The European Union (EU) and the Republic of Mauritius have signed a new protocol to the Sustainable Fisheries Partnership Agreement, setting the conditions to allow EU tuna fishing vessels to fish in Mauritius waters for a period of four years, in a transparent and regulated environment.
The announcement was made by Minister of Ocean Economy, Marine Resources, Fisheries and Shipping Premdut Koonjoo, during a press conference in Port Louis. It was in the context of the closing ceremony of the third round of negotiations for the renewal of the fisheries partnership.
The Protocol provides for a financial contribution of EUR 575,000 per year from the EU as well as an increased contribution to be paid by vessel-owners, which will be allocated to support the Mauritian fisheries sector, in addition of a specific contribution earmarked to promote the development of the blue economy. In this way, the collaboration scope will be extended in the fisheries field and maritime economy.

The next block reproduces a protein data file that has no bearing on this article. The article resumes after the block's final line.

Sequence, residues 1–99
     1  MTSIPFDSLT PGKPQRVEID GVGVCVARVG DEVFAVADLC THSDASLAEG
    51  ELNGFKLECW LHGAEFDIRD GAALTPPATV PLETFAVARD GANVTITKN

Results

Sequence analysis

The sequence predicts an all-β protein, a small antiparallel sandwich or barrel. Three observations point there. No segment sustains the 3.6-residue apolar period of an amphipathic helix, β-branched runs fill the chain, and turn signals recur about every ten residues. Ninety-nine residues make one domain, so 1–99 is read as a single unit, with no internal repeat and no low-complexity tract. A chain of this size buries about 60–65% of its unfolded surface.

Minister Koonjoo highlighted that regarding tuna catch in the region, the fishing opportunities proposed to the European fleet are realistic, as the value of their right of access to Mauritius waters is consistent with the value of the catches, and the contribution of shipowners to this right of access has increased significantly.
The minister also clarified that the EU and Mauritius will ensure regular joint monitoring of catch data using up-to-date technology, stating that these fisheries monitoring, control and surveillance methods, which are also applied to other domestic and foreign fleets, will eventually deter illicit unreported and unregulated fishing (IUU) activities.
When the EU fleet starts fishing, Mauritian authorities will receive in real time the satellite positions of European vessels operating in its waters. The electronic catch reporting system will be automatically transmitted to the Albion Fisheries Monitoring Centre in the near future.
The new protocol will enter into force in the coming months, after both parties' adoption procedures come to an end.